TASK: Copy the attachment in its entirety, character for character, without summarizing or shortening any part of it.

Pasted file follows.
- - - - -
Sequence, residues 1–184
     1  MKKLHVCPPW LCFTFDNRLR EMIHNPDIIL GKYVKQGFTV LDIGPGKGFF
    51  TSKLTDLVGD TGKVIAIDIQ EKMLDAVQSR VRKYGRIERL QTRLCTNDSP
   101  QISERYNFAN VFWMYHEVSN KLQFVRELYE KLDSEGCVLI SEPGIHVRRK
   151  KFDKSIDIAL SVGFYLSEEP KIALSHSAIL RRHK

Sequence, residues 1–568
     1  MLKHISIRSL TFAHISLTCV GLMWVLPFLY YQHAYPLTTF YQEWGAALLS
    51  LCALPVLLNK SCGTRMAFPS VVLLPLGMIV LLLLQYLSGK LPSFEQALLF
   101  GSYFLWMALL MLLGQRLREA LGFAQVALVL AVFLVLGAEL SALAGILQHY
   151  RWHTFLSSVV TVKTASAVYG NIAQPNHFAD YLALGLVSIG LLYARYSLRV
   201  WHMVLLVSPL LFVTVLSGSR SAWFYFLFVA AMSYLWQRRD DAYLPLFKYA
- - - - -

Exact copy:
Sequence, residues 1–184
     1  MKKLHVCPPW LCFTFDNRLR EMIHNPDIIL GKYVKQGFTV LDIGPGKGFF
    51  TSKLTDLVGD TGKVIAIDIQ EKMLDAVQSR VRKYGRIERL QTRLCTNDSP
   101  QISERYNFAN VFWMYHEVSN KLQFVRELYE KLDSEGCVLI SEPGIHVRRK
   151  KFDKSIDIAL SVGFYLSEEP KIALSHSAIL RRHK

Sequence, residues 1–568
     1  MLKHISIRSL TFAHISLTCV GLMWVLPFLY YQHAYPLTTF YQEWGAALLS
    51  LCALPVLLNK SCGTRMAFPS VVLLPLGMIV LLLLQYLSGK LPSFEQALLF
   101  GSYFLWMALL MLLGQRLREA LGFAQVALVL AVFLVLGAEL SALAGILQHY
   151  RWHTFLSSVV TVKTASAVYG NIAQPNHFAD YLALGLVSIG LLYARYSLRV
   201  WHMVLLVSPL LFVTVLSGSR SAWFYFLFVA AMSYLWQRRD DAYLPLFKYA